Welcome to CityBeat's new election column, where our political-theater critics review campaign performances both on the stage and behind the scenes. Rather than stars or thumbs, the scale we'll use to award points to politicians is named after one of the greatest and most sinister strategic minds in election history: Karl Rove, or, as George W. Bush called him, “Turdblossom.”
Tweet shit and die
We begin in the electronic world, where the San Diego County Republican Party has nominated itself for a bouquet of blossoms for its social-media strategy.
“Supposedly the Dems were ‘on the cutting edge' in the last election, but that was really just the Obama campaign itself, which did an, admittedly, great job of utilizing those tools,” county GOP chair Tony Krvaric, who's careful not to spill his lager on his Sony laptop when he connects from the pub, says in an e-mail. “Locally, I can't even FIND an official Democratic Party Facebook group, Twitter account, or YouTube channel. Food for thought. :-)”
That's not exactly true. The San Diego County Democratic Party does have a Facebook page with 534 members and a Twitter account (@sddemocrats) with a pathetic 23 followers that hasn't been updated since New Year's Eve. In comparison, the local Republicans' Facebook page has 1,335 members and a Twitter account (@sdrepublicans) with 401 followers, though only a precious few are actually from San Diego.
Accordingly, we award 140 blossoms to the county GOP, plus a single, steaming turd to Krvaric for rejecting our friendship on Facebook.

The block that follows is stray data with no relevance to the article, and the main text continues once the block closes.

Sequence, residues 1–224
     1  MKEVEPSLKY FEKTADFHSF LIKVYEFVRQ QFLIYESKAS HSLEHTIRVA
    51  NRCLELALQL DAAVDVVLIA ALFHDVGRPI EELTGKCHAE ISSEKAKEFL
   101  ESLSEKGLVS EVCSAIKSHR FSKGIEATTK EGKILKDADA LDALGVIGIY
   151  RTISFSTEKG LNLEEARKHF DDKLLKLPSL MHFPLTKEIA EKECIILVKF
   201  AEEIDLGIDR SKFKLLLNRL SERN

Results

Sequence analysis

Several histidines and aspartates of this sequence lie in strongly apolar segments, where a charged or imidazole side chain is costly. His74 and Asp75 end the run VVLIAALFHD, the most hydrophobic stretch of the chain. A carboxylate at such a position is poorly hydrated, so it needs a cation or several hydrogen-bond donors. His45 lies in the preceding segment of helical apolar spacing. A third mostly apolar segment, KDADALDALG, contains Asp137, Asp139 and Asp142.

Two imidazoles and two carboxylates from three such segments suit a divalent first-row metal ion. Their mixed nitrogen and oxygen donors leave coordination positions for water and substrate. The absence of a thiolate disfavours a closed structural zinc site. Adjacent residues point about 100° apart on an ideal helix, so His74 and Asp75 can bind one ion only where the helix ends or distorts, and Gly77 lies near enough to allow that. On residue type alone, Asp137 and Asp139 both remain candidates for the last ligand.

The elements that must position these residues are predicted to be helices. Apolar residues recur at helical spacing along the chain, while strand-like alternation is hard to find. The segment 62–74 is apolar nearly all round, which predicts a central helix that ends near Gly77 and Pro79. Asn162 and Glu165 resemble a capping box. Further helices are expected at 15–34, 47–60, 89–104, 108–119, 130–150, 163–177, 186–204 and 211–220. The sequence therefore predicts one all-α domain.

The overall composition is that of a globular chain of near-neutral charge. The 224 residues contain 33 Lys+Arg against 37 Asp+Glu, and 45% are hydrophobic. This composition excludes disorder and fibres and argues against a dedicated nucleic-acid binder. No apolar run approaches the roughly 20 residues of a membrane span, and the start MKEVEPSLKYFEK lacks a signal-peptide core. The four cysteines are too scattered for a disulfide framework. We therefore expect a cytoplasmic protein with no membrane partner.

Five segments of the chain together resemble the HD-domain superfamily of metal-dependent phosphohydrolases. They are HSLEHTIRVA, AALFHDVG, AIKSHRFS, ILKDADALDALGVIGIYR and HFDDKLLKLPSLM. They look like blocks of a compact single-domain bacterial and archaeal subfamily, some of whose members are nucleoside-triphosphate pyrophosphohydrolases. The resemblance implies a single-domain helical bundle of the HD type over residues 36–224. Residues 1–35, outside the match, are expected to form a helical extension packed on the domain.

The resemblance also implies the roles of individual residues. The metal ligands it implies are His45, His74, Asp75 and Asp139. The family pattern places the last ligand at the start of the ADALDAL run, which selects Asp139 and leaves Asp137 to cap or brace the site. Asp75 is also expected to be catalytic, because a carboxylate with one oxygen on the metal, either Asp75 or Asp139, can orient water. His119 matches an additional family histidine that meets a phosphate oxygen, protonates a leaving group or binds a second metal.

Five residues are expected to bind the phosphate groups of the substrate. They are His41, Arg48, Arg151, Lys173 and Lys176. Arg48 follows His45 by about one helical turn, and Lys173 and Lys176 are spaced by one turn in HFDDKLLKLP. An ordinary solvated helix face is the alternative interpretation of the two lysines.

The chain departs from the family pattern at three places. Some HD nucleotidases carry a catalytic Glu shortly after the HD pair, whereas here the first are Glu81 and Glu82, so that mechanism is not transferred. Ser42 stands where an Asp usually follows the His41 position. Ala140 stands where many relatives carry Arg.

Blowing out the candles
On March 3, we wanted to wish Francine Busby a happy 59th, but the Democratic challenger to Congressmember Brian Bilbray was going to charge us for it.
In a birthday invitation sent by e-mail, Busby's campaign laid out the cost to sign her birthday card: $50 for “Birthday Guests,” $100 to offer “Birthday Wishes” and $250 to sponsor the “Frosting on the Cake.”
Busby had hoped for 100 supporters, but only about 60 actually signed the card, a 24-by-36-inch pink
monstrosity featuring sparkles and a cupcake. Campaign spokesperson Leigh Mahon sent us a picture of the card with the names blurred out, “because we didn't get permission from everyone for their names to be used publicly.”
But doesn't federal law require candidates to disclose, publicly, who contributed more than $200 to their campaigns?
“Yes of course, all contributions will be filed promptly with the FEC, per campaign finance law, as always,” Mahon said.
For making us wait until the March 31 filing deadline, here are 59 turds plus one to grow on. Happy birthday.
We waited, but Lorie Zapf, a Republican candidate for the District 6 San Diego City Council seat Donna Frye will leave this year, didn't show up to the Mission Valley Community Council's candidate forum on Monday night. She told CityBeat she had another engagement; Kim Tran was also a no-show.
Zapf's taken a bit of heat since last week, when we exposed e-mails she sent in 2006 that said gays should be kept out of public office. A-list gay bloggers from Towleroad to Pam's House Blend picked up the story. Zapf told us she's sorry for the e-mails and never really meant what she said in the first place. (Probably the best response to that, as left-leaning Change.org put it: “Sorry, Lorie. Apology not accepted.”)
But her absence provided a chance to consider the others, without distraction:
Frye's chief of staff, Steve Hadley, earned a blossom for offering more-of-the-same in the best possible way; former Assemblymember Howard Wayne earned a blossom for enthusiastically seizing the chance to lead the Pledge of Allegiance, but businessman Ryan Huckabone earns a turd for admitting that he was too new to local politics to address the details of the audience's questions, then slamming his opponents for being short on “specifics.”